Food, Wine & Just Good Living With SaucyJoe

It started with a love of food, wine & fun and blossomed into a maddening pursuit of the best recipes, techniques, grills, smokers, wines, crafted beers, rubs, marinades and sauces... We do more than play with our meat though -- we review and discuss all things cooking, drinking, reading, laughing and living at SaucyJoe's.

Saturday, November 29, 2008

Thanksgiving Beef Shoulder Clod

The Iowa Sullivan clan had a fabulous Thanksgiving experience! Lovely Linda roasted her famous turkey with sausage, apple stuffing. We had family from the current generation down to the newest generation of grandsons and nephew. The dinner table was roisterous indeed!

Dr. Dave did his part with smoking big meat; a beef shoulder clod. This was a challenge because I'd never smoked this large a cut of beef. This was a 15 LB clod, and all I'd read said that this needed to be smoked long, low and slow. So, I set up to smoke this clod one hour per pound, or 15 hours. Since we decided to eat at 5PM Thanksgiving day, this meant starting to smoke at 2AM that day.

But preparation of a clod doesn't just start 15 hours early. I began by marinating one day early. After trimming the gray skin and excess fat, I tenderized the meat using a 48 blade Deni. This gadget is great for getting deep into the meat with many tiny cuts.

Be careful though those blades are sharp. I cut two fingers just showing how the Deni works!

I liberally sprinkled black pepper, kosher salt, onion powder and garlic powder over the clod.

I then slipped it into a marinade composed of 48 oz of Irish stout. Marinating lasted 18 hours.

I set the alarm for 1AM Thanksgiving day.

First I made a slather of Dijon mustard and Worchestershire sauce, a very aromatic blend. I applied this to all sides of the clod, then sprinkled on a rub of paprika, cuman, mild chili powder, black pepper and kosher salt. I used lots of rub because this was a big cut o' meat.

I fired up my Big Drum Smoker using 6LB of Kingsford charcoal and 9 LBs of hardwood charcoal. I normally don't like hardwood charcoal because it doesn't burn very evenly, but I wanted the nice smoke flavor and I thought the Kingsford briquettes would aid in making the fire even. To add the smoke, I put in a small oak log and an apple branch. The outside temperature was 29 degrees F.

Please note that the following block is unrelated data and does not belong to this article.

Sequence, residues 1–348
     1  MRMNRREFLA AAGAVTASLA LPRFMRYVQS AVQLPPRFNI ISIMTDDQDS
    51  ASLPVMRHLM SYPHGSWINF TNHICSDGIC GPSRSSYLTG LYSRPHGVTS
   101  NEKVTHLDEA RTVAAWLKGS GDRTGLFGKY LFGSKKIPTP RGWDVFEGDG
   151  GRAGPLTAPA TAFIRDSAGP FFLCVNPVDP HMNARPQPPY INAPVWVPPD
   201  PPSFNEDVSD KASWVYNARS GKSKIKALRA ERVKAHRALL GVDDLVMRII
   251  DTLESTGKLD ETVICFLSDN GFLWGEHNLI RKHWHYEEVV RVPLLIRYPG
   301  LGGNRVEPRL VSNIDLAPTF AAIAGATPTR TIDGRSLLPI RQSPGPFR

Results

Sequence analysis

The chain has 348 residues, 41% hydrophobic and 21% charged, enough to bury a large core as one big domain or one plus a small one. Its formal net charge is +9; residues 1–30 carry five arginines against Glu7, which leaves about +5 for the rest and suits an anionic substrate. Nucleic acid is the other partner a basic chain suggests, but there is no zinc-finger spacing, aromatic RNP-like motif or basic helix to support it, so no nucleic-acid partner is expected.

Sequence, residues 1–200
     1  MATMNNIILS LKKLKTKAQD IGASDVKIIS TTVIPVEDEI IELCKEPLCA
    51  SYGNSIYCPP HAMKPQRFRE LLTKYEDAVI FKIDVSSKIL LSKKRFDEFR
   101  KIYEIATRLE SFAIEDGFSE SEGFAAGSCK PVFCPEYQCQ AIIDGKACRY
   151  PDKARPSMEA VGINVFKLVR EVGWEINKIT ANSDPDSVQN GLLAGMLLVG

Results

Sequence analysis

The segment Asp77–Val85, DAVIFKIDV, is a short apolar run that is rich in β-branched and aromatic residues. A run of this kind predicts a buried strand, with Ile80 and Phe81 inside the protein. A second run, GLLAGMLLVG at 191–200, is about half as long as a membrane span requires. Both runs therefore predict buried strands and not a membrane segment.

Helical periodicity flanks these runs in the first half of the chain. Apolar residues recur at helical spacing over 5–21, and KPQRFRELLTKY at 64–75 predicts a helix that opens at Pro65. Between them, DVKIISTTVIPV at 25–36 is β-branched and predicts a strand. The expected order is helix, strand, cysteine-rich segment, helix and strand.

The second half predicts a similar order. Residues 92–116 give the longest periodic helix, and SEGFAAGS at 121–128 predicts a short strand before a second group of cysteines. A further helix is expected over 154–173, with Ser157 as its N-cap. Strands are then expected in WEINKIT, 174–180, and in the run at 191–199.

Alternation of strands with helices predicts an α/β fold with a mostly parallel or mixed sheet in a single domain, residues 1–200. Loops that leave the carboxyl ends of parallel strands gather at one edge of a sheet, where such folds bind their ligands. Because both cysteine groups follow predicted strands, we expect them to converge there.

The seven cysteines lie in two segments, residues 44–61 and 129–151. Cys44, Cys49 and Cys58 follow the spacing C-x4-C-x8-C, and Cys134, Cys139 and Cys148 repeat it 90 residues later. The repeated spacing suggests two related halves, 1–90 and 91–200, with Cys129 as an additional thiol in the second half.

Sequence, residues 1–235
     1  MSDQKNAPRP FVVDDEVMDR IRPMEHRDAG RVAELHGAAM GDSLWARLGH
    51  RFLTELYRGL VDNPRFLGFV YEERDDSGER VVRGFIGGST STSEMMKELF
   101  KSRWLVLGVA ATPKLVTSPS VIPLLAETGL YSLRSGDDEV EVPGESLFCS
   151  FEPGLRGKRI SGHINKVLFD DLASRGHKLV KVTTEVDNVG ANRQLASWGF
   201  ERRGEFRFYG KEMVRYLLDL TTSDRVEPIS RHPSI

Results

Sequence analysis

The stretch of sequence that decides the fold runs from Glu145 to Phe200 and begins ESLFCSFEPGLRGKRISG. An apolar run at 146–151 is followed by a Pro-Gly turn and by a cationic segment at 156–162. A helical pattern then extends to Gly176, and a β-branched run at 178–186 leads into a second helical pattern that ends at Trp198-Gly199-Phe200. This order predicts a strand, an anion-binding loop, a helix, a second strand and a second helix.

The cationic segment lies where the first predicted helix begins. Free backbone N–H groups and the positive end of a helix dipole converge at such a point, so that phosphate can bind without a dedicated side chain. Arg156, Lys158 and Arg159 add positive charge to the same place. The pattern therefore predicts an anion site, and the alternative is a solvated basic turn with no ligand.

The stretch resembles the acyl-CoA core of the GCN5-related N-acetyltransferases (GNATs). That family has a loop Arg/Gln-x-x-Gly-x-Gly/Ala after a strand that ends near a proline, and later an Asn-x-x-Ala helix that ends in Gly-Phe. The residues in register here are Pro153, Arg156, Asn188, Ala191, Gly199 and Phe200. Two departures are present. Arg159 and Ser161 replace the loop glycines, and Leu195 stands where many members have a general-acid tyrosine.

The clod went on the smoker at 2:20AM. I took cat naps and turned the brisket every two hours. The smoker was able to keep the smoker temperature above 200 degrees while the outside temerature dropped, but when it dropped to 19 degrees, the smoker couldn't keep up very well. Fortunately, the sun came up at 7AM, and the smoker was getting up to 220 degrees. The best thing was that the smoke kept coming. This big meat was going to have a nice smoke ring!

I was anticipating the meat wouldn't get up to the targeted temperature of 195 degrees until late afternoon. So I didn't insert the digital thermometer until 11AM. Much to my surprise, this 15LB piece of meat was already up to 190 degrees internal temperature. This clod was done! And dinner wasn't scheduled for another 6 hours! Figuring that the smoke had penetrated as much as it was going to go in, I wrapped the clod in aluminum foil and put it back on the smoker. Soon, however, the fuel in the smoker was getting consumed to the rate where it was unable to keep up the heat, and the temperature in the smoker dropped below 100 degrees F. I became concerned because there was no oven space (a 24LB turkey takes up a whole overn, believe me!). Then, I slapped myself in the forehead (ouch!). I had a perfectly good outdoor gas oven, my water smoker! Quickly, I slipped the clod into the gas heated water smoker for another 4 hours Keeping the temperature at 200 degrees for the whole time.

Well, the guests arrived, and after some good football (the Cowboys won!) it came time to serve Thanksgiving dinner. I removed the clod from the smoker and unwrapped it. It came out falling apart!
I learned an important thing about the Big Drum Smoker. It doesn't just heat using the smoke, it has a nice direct heat element (no pun!). What happens is that the meat cooks faster than a full indirect smoker. So if you're setting up your recipes, think "direct heat" like they have in some of the central Texas meat markets. This is a good thing because it imposes a nice smoke flavor while the meat is opened up by the direct heating. I can tell you, the falling part clod was most flavorful. We have leftovers too!
Happy Holidays to you and yours!
Dr. Dave


Blogger Dr. Dave said...

This is the time of year where the garage becomes the refrigerator,and today we pulled the leftover clod out of the garage fridge for future use. Half the remaining clod went into the freezer. The other half went into the food processor for a rough chop. This meat is going into some chopped beef sandwiches, plus some tasty bits for my friends in the HyVee meat department.

I will tell you, pulling the meat apart for chopping, and tasting the bits available for munching, I was delighted with the full smoked beef flavor. If these beef sandwiches taste as good as the tidbits snuck while chopping, they will be very flavorful.

Now...what to do for a sauce? More to come!

Sun Nov 30, 03:18:00 PM CST  

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